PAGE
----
Blow for women attacked at a club and social media

Mbuyiselo Botha Gender Imbizo
Mangosuthu University of Technology students protest outside the Durban regional court where Thabani Mzolo appeared for the murder of student Zolile Khumalo. /Thuli Dlamini
Mangosuthu University of Technology students protest outside the Durban regional court where Thabani Mzolo appeared for the murder of student Zolile Khumalo. /Thuli Dlamini

During the weekend, three young women took to social media to speak about an assault they experienced at a popular nightclub in Sandton - the perpetrator is allegedly a famous Isibaya actor.

According to the women's account of the events of the night in question, they were kicked to the floor and slapped, all because they asked the man not to take pictures of them.

To the women's dismay, instead of being supported and being shown empathy, they were met with a lot of backlash on social media.

Backlash that represents a microcosm of what many women go through when they report abuse in this country and the world over. These were some of the comments from Twitter users: "What did you do to him, tell the full story," "What if this is a ploy to tarnish this guy's name?"

One of the victims was left with a wound from the assault, she posted the image of the wound. One of the many negative responses to a picture of the wound was "this looks like an old iron scar".

The victim had to post before and after pictures from the same night, showing that the scar is new. After going through the trauma and physical assault, the victim has to do the work of proving that a wound is not old. This is the process that many victims have to go through.

Their word, pain and scars are not enough, victims are also tasked with the burden of going above and beyond to prove their case against public scrutiny. These young women were failed by those who were present as the abuse occurred, including the nightclub because it failed to intervene.

Instead, the young women spoke about how the nightclub's bouncers were laughing at them as they were being assaulted.

Frequent patrons of this particular nightclub spoke about how problematic the nightclub is. It is, according to frequenters, known for not protecting women. This culture is so entrenched in this nightclub that some women have chosen to never return to it.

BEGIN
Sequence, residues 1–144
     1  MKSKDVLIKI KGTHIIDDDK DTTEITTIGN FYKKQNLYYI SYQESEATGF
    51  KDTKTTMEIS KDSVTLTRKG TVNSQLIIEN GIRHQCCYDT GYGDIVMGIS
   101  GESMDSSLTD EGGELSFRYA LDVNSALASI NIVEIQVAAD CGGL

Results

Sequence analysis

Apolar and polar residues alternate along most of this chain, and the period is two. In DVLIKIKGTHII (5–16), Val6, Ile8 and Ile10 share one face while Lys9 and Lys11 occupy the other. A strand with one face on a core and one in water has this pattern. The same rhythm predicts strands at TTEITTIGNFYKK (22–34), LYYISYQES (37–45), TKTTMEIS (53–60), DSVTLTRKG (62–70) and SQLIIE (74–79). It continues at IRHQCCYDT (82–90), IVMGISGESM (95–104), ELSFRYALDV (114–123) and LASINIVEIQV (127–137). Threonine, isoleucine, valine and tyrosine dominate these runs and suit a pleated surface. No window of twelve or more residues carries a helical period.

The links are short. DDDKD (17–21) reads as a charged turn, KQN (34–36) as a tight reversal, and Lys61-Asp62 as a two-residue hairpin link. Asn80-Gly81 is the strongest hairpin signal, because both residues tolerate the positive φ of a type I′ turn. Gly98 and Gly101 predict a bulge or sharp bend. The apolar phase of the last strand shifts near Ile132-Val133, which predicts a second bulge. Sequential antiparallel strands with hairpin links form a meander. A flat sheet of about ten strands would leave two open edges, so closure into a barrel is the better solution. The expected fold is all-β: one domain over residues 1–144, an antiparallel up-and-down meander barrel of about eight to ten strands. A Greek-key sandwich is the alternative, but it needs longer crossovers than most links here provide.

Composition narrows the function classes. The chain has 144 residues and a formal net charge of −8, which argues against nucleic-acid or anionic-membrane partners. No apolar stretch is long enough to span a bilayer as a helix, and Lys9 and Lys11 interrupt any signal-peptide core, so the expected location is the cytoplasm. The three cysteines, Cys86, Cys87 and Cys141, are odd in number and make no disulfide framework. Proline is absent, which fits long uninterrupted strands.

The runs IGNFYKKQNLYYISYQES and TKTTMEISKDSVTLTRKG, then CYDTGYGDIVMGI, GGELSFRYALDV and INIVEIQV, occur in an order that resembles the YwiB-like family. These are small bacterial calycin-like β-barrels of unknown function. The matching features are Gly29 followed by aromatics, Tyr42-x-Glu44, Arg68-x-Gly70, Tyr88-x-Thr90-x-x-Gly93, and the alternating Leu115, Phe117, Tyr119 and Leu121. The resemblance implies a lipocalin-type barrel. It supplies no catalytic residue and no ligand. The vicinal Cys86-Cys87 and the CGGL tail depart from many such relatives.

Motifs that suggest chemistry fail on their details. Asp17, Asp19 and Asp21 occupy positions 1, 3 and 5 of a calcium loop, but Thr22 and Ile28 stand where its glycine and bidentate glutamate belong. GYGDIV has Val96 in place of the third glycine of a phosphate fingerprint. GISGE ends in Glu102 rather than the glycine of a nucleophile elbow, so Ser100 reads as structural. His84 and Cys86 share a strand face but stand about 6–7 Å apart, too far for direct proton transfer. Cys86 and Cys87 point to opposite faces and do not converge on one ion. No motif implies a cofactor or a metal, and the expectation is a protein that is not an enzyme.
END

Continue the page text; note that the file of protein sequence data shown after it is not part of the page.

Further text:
In SA, where one in five women are victims of abuse, we still have people who would rather poke holes at the victim's story rather than rally behind them in ensuring they get justice.

The young women felt so attacked on social media that they later wrote an update where they said they wish they had never spoken out.

This is the grim reality of South Africa for many women. They would rather keep quiet than speak out because their stories will be doubted, the "astute" stature of the men will be brought up, they will be met by insensitive and inept police personnel, their sexual history will be scrutinised as a way to discredit their story.

Watching this play out on social media scared me for the prospects of our country and the fight against the scourge of women abuse.

Avid social media users are largely a younger and youthful cohort. They are exposed to a wealth of knowledge on abuse, patriarchy, issues such as victim-blaming and the consequences thereof.

However, they still hold these very archaic and problematic views when it comes to abuse. This cohort cannot claim ignorance.

The gruesome killing of Karabo Mokoena by her lover Sandile Mantsoe; Zolile Khumalo who was shot by her boyfriend at her university residence; Anene Booysen who was raped and killed by a man who volunteered to walk her home after a night out, are all cases that were blasted all over the news and social media. But South Africans do not learn a lesson.

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